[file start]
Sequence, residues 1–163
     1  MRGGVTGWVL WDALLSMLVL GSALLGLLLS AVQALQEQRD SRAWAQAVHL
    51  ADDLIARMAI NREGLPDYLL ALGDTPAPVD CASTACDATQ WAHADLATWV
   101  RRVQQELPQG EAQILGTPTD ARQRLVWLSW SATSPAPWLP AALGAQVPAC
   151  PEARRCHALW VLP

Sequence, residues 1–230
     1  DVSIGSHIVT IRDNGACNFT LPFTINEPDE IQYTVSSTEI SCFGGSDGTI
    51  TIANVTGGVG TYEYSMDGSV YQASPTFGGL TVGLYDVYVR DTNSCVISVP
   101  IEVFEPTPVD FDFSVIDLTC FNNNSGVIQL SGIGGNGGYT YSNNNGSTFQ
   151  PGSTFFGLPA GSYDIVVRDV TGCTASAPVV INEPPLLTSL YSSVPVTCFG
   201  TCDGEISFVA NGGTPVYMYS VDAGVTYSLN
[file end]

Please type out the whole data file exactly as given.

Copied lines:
Sequence, residues 1–163
     1  MRGGVTGWVL WDALLSMLVL GSALLGLLLS AVQALQEQRD SRAWAQAVHL
    51  ADDLIARMAI NREGLPDYLL ALGDTPAPVD CASTACDATQ WAHADLATWV
   101  RRVQQELPQG EAQILGTPTD ARQRLVWLSW SATSPAPWLP AALGAQVPAC
   151  PEARRCHALW VLP

Sequence, residues 1–230
     1  DVSIGSHIVT IRDNGACNFT LPFTINEPDE IQYTVSSTEI SCFGGSDGTI
    51  TIANVTGGVG TYEYSMDGSV YQASPTFGGL TVGLYDVYVR DTNSCVISVP
   101  IEVFEPTPVD FDFSVIDLTC FNNNSGVIQL SGIGGNGGYT YSNNNGSTFQ
   151  PGSTFFGLPA GSYDIVVRDV TGCTASAPVV INEPPLLTSL YSSVPVTCFG
   201  TCDGEISFVA NGGTPVYMYS VDAGVTYSLN